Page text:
‘Did you sit on her favourite swing and swim in that silver stream Uncle Nakula?’
Nakula nodded wordlessly. He had felt a little silly doing it but he had wanted to walk in her footsteps and experience a little of her precious childhood. No matter what he did, he could never bring her back. Nakula knew that. He had tried often enough, calling out to her from the empty spaces she had left inside him, searching for her endlessly. But he also knew that he would never stop trying. Not until he had joined her on the other side. Until then, he clutched the memories he had of her in place of her hug which he remembered so well and would never experience again in this life.
Abhimanyu sat with him in companionable silence sharing in his grief and memories. Nakula wondered how he could talk about his mother with this little boy when he could not bring himself to do so with anybody else. Not even Saha… But then again, Nakula had been Madri’s favourite and Sahadeva had always been Kunti’s. And his twin was not particularly demonstrative when it came to his feelings.
‘She was a gentle soul, you know. The dense forests held many terrors for her, but she braved it all because she loved my father and was determined to share his fate. And I can still hear her voice on beautiful Spring days, when the flowers were blooming. Saha and I would try to gather all the blooms we could in our little palms to take to our father to string little garlands to adorn mother’s hair with… It would make her so happy!
‘She loved wild honey. Bhima and my father would always get some for her, fresh from the comb and she would be delirious with joy. And you should have heard her sing Abhi… She had a voice which even Tumburu, that famed Gandharva singer would have given an arm and leg for! I can still hear her sometimes in my dreams. And she sounds the way she used to when she wanted to comfort my father… He made the best of a bad situation but sometimes he would be sad. And mother Kunti would ask us all to gather around him and request my mother to sing. Even the deer, rabbits and the elephants would come to be soothed by that divine voice.’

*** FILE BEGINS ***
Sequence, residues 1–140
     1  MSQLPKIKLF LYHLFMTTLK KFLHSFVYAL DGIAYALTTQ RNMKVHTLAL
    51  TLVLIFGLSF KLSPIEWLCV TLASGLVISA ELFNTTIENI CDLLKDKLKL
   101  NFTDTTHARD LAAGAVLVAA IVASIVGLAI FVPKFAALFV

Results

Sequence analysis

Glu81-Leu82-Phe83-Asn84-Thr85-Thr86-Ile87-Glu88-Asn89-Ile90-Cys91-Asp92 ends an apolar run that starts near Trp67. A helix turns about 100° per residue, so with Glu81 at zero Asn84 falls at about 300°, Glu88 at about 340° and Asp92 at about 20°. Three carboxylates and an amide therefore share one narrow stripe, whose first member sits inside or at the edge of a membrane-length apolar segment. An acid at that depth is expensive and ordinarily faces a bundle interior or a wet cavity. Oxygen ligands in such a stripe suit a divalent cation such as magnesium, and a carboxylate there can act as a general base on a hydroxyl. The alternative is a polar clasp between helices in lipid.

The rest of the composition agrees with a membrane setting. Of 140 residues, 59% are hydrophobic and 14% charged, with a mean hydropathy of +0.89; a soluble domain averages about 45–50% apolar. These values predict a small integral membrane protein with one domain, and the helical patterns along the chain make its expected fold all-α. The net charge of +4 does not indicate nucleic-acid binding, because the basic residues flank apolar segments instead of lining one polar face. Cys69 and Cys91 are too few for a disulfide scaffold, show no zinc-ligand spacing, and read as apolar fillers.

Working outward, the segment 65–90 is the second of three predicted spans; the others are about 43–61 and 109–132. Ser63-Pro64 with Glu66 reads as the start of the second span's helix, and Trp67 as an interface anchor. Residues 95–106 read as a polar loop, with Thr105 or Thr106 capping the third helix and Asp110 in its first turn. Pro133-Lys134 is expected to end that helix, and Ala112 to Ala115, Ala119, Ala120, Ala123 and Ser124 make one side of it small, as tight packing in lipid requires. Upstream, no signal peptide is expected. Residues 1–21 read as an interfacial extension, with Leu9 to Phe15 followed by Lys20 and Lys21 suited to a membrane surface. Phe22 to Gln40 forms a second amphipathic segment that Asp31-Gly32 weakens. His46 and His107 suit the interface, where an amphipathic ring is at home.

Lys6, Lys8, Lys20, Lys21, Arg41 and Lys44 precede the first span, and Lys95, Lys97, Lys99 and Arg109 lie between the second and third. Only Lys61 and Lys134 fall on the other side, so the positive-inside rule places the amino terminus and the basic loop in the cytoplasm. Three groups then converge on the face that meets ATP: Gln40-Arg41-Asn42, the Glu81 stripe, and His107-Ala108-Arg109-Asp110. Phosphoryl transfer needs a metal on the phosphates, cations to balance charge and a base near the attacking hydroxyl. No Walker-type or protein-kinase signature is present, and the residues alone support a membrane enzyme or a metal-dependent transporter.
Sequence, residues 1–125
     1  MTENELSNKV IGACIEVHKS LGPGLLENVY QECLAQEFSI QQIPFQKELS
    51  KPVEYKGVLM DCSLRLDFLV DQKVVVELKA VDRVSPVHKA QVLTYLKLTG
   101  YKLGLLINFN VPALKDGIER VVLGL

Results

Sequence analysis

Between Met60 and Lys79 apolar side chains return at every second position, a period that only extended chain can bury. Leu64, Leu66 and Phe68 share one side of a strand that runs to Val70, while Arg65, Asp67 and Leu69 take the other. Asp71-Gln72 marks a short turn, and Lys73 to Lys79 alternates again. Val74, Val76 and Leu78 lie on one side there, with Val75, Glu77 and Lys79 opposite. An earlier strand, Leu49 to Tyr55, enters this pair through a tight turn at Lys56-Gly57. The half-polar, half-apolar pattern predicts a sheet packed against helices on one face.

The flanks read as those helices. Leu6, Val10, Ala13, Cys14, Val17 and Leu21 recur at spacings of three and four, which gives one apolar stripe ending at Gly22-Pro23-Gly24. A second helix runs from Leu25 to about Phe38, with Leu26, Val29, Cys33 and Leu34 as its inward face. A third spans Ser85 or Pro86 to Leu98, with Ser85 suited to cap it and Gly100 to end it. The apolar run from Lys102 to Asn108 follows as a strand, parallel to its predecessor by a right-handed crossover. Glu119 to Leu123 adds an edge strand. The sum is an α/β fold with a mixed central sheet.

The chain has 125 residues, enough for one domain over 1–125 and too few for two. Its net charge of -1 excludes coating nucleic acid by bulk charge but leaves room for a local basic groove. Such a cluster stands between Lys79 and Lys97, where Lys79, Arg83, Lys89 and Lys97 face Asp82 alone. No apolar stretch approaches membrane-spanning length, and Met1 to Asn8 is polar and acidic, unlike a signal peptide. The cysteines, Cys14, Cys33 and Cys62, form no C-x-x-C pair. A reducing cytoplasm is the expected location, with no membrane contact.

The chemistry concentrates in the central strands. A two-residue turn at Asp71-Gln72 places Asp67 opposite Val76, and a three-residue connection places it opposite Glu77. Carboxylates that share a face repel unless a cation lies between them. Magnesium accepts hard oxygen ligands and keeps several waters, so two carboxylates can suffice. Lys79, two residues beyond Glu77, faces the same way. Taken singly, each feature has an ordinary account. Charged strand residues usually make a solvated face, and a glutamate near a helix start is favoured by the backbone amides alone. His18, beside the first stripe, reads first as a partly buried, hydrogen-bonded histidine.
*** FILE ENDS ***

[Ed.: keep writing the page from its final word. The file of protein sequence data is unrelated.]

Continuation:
He sang one of the ditties she used to sing for him on warm summer nights when they had slept under the stars. Nakula always cuddled up next to her loving how soft and fragrant she was. Even the horses stopped whinnying when they heard him sing and Nakula sang on and on hearing that beloved voice crooning in his ear, like she had never been away.
Try as he might, Nakula could not dam the flood of memories and emotions that welled up from deep within. When she made the decision on that accursed day to enter her father’s funeral pyre he had run with all his might, to try and stop her. She had raised her hand to stop him and placed her hand over her heart before she surrendered to the flames. Nakula would have gone to her, but Bhima had held him in a bear’s grip. He struggled against that unbreakable embrace but stopped when he realized that his mighty brother was bawling like a baby, and great sobs were wracking his body. Arjuna had gently freed him from Bhima’s suffocating embrace and stood quietly by his side. The tears were running down his face too. He had seen Yudhishtra and Kunti holding onto his twin who was still as a statue, his eyes downcast.
Nakula had watched as the greedy flames took his mother from him and the sight was seared into his memories and continued to torment him. ‘It is a barbaric custom Abhimanyu,’ his voice was choked with pain. ‘She made her choice and I had no choice but to respect her wishes but a wife must not follow her husband in death. Not when she still has her own life and children. I still hate myself for not disobeying her command and rescuing her from those flames.’
Nakula was crying again. The way he had on that fell day that had marked the end of his childhood. He hadn’t cried like that in a long time. Abhimanyu leaned quietly against his shoulder and he was crying too. ‘I feel like I have gotten to know my grandmother a little better Uncle Nakula. Thank you for telling me about her.’
His Uncle smiled through the tears moved by the kindness and compassion in that voice which had not yet lost its childish treble, ‘My mother was special and I wish she had lived long enough to see you and my Satanika. It is certain that you would have been her favourite.’